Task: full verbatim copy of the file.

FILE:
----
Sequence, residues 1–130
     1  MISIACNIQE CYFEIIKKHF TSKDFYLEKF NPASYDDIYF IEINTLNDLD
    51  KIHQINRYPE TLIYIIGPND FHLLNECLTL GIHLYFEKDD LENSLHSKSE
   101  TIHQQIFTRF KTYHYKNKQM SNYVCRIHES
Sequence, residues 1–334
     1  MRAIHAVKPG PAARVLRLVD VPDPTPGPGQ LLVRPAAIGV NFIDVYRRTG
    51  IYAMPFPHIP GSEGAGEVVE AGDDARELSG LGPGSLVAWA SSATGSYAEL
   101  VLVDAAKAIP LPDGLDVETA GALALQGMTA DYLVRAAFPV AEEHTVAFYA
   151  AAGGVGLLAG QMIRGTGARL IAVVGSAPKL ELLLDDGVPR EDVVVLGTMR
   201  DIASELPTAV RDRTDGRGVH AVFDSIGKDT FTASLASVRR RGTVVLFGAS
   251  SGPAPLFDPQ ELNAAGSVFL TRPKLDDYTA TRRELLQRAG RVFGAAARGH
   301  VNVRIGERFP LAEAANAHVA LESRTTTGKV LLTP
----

Sequence, residues 1–130
     1  MISIACNIQE CYFEIIKKHF TSKDFYLEKF NPASYDDIYF IEINTLNDLD
    51  KIHQINRYPE TLIYIIGPND FHLLNECLTL GIHLYFEKDD LENSLHSKSE
   101  TIHQQIFTRF KTYHYKNKQM SNYVCRIHES
Sequence, residues 1–334
     1  MRAIHAVKPG PAARVLRLVD VPDPTPGPGQ LLVRPAAIGV NFIDVYRRTG
    51  IYAMPFPHIP GSEGAGEVVE AGDDARELSG LGPGSLVAWA SSATGSYAEL
   101  VLVDAAKAIP LPDGLDVETA GALALQGMTA DYLVRAAFPV AEEHTVAFYA
   151  AAGGVGLLAG QMIRGTGARL IAVVGSAPKL ELLLDDGVPR EDVVVLGTMR
   201  DIASELPTAV RDRTDGRGVH AVFDSIGKDT FTASLASVRR RGTVVLFGAS
   251  SGPAPLFDPQ ELNAAGSVFL TRPKLDDYTA TRRELLQRAG RVFGAAARGH
   301  VNVRIGERFP LAEAANAHVA LESRTTTGKV LLTP